“You see! I told you! It’s fun sitting in the middle of the road,” I say to Ryan as I sit across from him, indian style, in the middle of the street in front of my house. “Tara and I always meet here for our chats.”
This spot is midway between my house and Tara’s and we are certain of our cleverness, meeting here or on the roof of her garage to talk about boys.
“Oh, yeah,” Ryan answers, with a teasing grin, “As sitting goes, this is some particularly fun sitting right here.”
I smile back and swat his shoulder with the back of my hand.
“You can’t beat the view,” I say, leaning back on my arms and looking at the night sky, so clear in our little, out of the way, town that you can believe it’s possible to touch the stars.
He doesn’t say anything, but he’s looking at me, not at the stars.
“R and I broke up,” I say.
B was the last boy, now it’s R… or it was R, and now that’s over too. Try to keep up with the comings and goings of a fickle teenager.
“And here I thought that one was gonna last and last,” Ryan says with a fed up eye roll.
“Okay, I admit R and I are very different, but I was just trying to have ‘fun’.
Remember that all important element, oh wise one? Anyway, I still don’t regret my first kiss. R and I were heavy on the imperfection, but my first kiss was just as perfect as I always insisted it would be.”
“As it turns out, I’m not very interested in the details,” Ryan says, giving a piece of gravel a hard chuck against a far gutter with enough force to make a direct hit.
“Oh. Right. I get that. Hey- you kissed your girlfriend you know!”
“I did. You wanna hear all about it?”
“Gee, I’d like to, but I’m busy clawing the tar off the road with my bare fingernails so that I can stuff it into my ears.”
The corners of his mouth turn up, chasing all sarcasm from his face.
“Aren’t you glad that we can talk to each other?” I ask, “And do the fun sitting in the middle of the road? I’m glad we haven’t ruined this.”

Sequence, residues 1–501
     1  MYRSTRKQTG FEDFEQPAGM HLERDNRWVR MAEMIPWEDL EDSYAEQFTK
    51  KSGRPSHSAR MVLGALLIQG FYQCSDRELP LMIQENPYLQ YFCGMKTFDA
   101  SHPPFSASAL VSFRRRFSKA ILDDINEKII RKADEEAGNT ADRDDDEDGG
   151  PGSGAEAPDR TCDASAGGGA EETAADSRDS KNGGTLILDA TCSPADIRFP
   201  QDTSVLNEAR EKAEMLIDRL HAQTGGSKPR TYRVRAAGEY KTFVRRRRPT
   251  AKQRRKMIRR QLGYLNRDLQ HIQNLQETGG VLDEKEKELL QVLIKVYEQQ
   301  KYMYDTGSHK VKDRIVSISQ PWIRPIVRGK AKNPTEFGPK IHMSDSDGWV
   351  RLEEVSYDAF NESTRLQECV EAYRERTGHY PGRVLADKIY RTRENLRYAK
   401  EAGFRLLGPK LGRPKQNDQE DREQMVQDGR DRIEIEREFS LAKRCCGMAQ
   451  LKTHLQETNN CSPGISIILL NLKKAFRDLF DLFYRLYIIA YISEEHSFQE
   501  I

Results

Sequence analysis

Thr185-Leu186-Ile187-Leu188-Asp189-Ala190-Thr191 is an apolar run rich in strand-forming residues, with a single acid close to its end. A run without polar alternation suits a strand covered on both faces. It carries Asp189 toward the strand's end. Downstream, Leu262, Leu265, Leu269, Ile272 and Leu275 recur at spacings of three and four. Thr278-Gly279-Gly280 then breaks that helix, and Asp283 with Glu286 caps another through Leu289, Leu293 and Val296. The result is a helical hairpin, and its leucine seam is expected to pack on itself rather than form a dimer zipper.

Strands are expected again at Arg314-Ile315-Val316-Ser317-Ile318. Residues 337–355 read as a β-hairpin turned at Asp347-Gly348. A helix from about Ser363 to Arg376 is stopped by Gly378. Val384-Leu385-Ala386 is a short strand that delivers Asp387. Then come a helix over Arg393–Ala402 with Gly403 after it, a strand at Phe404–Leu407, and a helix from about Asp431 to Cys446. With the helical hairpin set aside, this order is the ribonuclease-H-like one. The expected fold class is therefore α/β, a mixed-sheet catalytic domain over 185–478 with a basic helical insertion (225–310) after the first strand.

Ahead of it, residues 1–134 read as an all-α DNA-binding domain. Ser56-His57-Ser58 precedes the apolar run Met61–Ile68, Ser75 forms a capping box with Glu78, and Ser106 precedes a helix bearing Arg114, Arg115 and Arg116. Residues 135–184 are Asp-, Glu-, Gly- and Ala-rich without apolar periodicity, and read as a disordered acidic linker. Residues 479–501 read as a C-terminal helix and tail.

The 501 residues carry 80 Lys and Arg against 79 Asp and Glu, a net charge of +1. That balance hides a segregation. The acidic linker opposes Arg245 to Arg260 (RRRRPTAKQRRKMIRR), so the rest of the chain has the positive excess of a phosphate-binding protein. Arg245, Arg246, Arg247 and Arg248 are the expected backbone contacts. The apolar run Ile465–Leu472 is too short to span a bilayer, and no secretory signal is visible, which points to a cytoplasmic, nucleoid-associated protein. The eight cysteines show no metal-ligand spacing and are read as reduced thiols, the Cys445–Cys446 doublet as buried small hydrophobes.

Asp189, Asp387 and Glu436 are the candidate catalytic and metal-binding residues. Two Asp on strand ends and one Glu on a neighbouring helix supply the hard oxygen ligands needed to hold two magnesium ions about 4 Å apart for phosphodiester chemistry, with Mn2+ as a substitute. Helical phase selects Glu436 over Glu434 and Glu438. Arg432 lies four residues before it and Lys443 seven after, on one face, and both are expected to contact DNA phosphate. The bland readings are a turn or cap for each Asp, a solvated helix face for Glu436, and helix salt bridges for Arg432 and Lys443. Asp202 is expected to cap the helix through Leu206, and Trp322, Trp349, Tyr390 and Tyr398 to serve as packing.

“What do you mean, ‘ruined it’?” he asks.
“Well, it’s not like I’ll be sitting anywhere, fun or otherwise, with R anymore. In fact, if R were to be found sitting in the middle of the road somewhere I’d hope I was behind the wheel of a nearby vehicle.” I could hear the engine revving now.
“I’m done with boyfriends for awhile,” I continue. “I drew a picture of a heart with a lock on it and a thick brick wall wrapping all of the way around it and a whole bunch of famous quotes about heartbreak and I hung it up on my bedroom wall.”
Ryan isn’t laughing when he says, “Really. Wow, that’s… funny.”
“Oh, I know. Heartbreak is a real chuckle,” I say.
“Heartbreak isn’t a chuckle. The idea that you’ll lock up your heart is. I don’t think your particular heart can be restrained.”
I risk a look into his blue eyes. I think about dancing in the snow. I think about a summer spent laughing and talking. I think about church dances, his hands on my waist, my arms around his neck. I think about this warm fall night, “fun sitting” in the middle of the road, under a dark sky, sprinkled generously with glittering stars. I think about how I’ll say goodnight soon and go in my house, leaving him with nothing more than a friendly wave.
“You’d be surprised,” I say.